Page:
10. Medically assisted detoxification is only the first stage of addiction treatment and by itself does little to change long-term drug abuse. Although medically assisted detoxification can safely manage the acute physical symptoms of withdrawal, detoxification alone is rarely sufficient to help addicted individuals achieve long-term abstinence. Thus, patients should be encouraged to continue drug treatment following detoxification.
  11. Treatment does not need to be voluntary to be effective. Sanctions or enticements from family, employment settings, and/or the criminal justice system can significantly increase treatment entry, retention rates, and the ultimate success of drug treatment interventions.
  12. Drug use during treatment must be monitored continuously, as lapses during treatment do occur. Knowing their drug use is being monitored can be a powerful incentive for patients and can help them withstand urges to use drugs. Monitoring also provides an early indication of a return to drug use, signaling a possible need to adjust an individual’s treatment plan to better meet his or her needs.
  13. Treatment programs should assess patients for the presence of HIV/AIDS, hepatitis B and C, tuberculosis, and other infectious diseases, as well as provide targeted risk-reduction counseling to help patients modify or change behaviors that place them at risk of contracting or spreading infectious diseases. Targeted counseling specifically focused on reducing infectious disease risk can help patients further reduce or avoid substance-related and other high-risk behaviors. Treatment providers should encourage and support HIV screening and inform patients that highly active antiretroviral therapy (HAART) has proven effective in combating HIV, including among drug-abusing populations.

Source: National Institute on Drug Abuse (NIDA)

What Are the Most Common Misused Medications?

Misuse of prescription drugs is a serious public health problem in the United States with results from the 2014 National Survey on Drug Use and Health, showing an estimated 2.1 million Americans using prescription drugs nonmedically. The term nonmedical use of prescription drugs refers to:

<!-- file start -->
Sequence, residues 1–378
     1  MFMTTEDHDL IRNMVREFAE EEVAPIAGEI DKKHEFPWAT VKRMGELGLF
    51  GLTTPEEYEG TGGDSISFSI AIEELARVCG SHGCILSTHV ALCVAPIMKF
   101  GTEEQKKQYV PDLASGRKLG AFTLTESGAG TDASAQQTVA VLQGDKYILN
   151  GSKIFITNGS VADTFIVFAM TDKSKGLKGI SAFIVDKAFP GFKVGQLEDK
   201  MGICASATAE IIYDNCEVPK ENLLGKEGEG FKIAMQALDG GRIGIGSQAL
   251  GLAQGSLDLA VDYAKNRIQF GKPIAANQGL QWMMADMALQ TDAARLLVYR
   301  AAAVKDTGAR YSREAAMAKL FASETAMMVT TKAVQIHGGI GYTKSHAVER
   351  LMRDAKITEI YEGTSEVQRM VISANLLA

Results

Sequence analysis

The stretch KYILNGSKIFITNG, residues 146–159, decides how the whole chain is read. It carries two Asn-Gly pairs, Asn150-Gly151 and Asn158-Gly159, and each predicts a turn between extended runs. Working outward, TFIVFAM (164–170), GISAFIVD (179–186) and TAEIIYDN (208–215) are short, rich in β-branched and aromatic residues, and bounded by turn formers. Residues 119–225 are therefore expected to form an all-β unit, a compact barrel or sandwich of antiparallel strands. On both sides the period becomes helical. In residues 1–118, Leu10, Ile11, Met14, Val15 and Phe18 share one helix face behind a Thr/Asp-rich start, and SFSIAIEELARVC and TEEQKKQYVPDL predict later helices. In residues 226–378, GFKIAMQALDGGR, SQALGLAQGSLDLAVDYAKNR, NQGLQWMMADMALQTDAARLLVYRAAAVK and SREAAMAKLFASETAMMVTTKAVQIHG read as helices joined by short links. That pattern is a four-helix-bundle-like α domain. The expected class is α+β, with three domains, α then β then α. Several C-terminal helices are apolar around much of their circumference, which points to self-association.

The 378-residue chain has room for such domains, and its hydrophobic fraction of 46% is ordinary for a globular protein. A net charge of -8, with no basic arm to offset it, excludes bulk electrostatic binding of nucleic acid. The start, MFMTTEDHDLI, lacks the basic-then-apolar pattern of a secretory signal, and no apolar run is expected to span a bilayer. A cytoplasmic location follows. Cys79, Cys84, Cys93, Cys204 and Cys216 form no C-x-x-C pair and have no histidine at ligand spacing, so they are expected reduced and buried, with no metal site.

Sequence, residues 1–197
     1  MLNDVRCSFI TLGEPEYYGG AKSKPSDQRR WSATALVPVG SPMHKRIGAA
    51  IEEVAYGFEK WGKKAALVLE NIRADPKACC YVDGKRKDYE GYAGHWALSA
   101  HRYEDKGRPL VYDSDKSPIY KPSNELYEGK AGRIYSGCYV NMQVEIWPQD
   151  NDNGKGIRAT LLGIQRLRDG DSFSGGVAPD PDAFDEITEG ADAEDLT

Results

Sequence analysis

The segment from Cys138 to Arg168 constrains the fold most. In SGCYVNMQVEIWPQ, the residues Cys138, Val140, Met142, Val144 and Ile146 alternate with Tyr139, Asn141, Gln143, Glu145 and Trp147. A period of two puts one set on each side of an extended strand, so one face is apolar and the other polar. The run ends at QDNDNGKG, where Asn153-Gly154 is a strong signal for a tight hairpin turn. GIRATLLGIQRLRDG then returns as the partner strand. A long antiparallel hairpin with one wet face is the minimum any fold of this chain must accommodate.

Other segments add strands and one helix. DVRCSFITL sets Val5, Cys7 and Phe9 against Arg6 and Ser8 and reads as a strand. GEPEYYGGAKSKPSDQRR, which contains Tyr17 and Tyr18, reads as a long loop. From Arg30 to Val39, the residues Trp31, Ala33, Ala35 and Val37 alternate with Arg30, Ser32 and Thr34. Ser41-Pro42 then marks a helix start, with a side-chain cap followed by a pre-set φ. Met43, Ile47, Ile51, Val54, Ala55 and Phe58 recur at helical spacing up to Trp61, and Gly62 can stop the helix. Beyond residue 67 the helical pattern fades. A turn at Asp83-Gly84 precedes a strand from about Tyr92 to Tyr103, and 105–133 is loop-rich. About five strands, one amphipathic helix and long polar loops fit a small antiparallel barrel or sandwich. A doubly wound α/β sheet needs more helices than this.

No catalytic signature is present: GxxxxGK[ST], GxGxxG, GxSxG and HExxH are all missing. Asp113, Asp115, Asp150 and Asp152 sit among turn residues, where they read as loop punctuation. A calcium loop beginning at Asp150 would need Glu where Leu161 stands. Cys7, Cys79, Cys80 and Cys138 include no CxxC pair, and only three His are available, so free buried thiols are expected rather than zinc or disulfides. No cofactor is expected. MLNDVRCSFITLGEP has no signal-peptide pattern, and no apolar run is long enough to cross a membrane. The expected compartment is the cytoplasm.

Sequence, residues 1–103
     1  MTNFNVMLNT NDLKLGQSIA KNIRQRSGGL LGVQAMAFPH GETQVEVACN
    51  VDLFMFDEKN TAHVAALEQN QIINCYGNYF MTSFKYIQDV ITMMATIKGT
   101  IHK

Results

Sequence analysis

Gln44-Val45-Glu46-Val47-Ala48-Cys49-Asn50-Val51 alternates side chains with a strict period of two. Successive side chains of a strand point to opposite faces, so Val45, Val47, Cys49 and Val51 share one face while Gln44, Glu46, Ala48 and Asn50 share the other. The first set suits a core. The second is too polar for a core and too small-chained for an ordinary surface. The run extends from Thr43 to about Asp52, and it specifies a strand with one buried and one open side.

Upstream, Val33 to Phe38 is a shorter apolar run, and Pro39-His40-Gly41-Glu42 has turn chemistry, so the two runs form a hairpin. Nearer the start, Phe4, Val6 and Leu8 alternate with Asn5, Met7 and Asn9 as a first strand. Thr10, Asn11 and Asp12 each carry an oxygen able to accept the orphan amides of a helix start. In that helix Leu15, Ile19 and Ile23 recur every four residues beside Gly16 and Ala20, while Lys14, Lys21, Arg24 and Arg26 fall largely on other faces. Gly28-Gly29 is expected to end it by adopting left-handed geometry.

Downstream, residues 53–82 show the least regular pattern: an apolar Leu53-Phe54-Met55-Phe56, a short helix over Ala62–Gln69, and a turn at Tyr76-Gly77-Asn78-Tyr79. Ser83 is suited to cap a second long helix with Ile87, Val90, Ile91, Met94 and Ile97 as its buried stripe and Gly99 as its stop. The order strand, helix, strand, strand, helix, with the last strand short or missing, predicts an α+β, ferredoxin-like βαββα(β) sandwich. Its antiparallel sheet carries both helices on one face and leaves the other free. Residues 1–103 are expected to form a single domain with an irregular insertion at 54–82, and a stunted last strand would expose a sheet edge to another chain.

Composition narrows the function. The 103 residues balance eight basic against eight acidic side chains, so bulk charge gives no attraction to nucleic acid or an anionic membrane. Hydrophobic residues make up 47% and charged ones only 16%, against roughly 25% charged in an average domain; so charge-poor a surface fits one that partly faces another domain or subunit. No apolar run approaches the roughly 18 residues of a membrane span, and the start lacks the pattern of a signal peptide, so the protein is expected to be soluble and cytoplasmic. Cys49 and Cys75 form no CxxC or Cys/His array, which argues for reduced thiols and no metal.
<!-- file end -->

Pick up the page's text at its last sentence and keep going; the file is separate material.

• taking prescription drugs in a manner or dosage other than prescribed
    • taking someone else’s prescription, even if for a legitimate medical complaint such as pain
    • taking a medication to feel euphoria (i.e., to get high)

The most commonly misused medications are:

Opioids  — usually prescribed to treat pain 

Central Nervous System [CNS] Depressants (this category includes tranquilizers, sedatives, and hypnotics) — used to treat anxiety and sleep disorders

Stimulants — most often prescribed to treat attention-deficit hyperactivity disorder (ADHD)

Individuals addicted to prescription drugs should not attempt to stop taking them on their own. Withdrawal symptoms from these drugs can be severe and—in the case of certain medications—potentially life-threatening.

If you or someone you know has become addicted to prescription drugs, Florida Center for Recovery is here to help. Our rehab facility offers specialized prescription drug rehab programs through our all-inclusive inpatient detox and rehabilitation services. For more information call our admissions department at:  800-851-3291

Mental Health Month – Help Cure Stigma

May is Mental Health Month and along with The National Alliance of Mental Illness (NAMI) you can help spread the word and#CureStigma.

This year NAMI has launched the campaign “Stigma Free”, in an effort to end stigma and create hope for those affected by mental illness. The campaign manifesto is: There’s a virus spreading across America. It harms 1 in 5 Americans affected by mental health conditions. It shames them into silence. It prevents them from seeking help. And in some cases, it takes lives. What virus are we talking about? It’s stigma. Stigma against people with mental health conditions. But there’s good news. Stigma is 100% curable. Compassion, empathy and understanding are the antidote. Your voice can spread the cure. 

Join NAMI, the National Alliance on Mental Illness in their campaign to #CureStigma.

Florida Center for Recovery invites you to share this information and help spread the word about the stigma related to substance use disorder (SUDs), as well. It is important to understand that mental health conditions and SUD’s are not the result of personal weakness, lack of character or poor upbringing. Understanding these conditions isn’t only knowing they exits and knowing about their symptoms, but being able to dispel on-going misunderstandings about those conditions.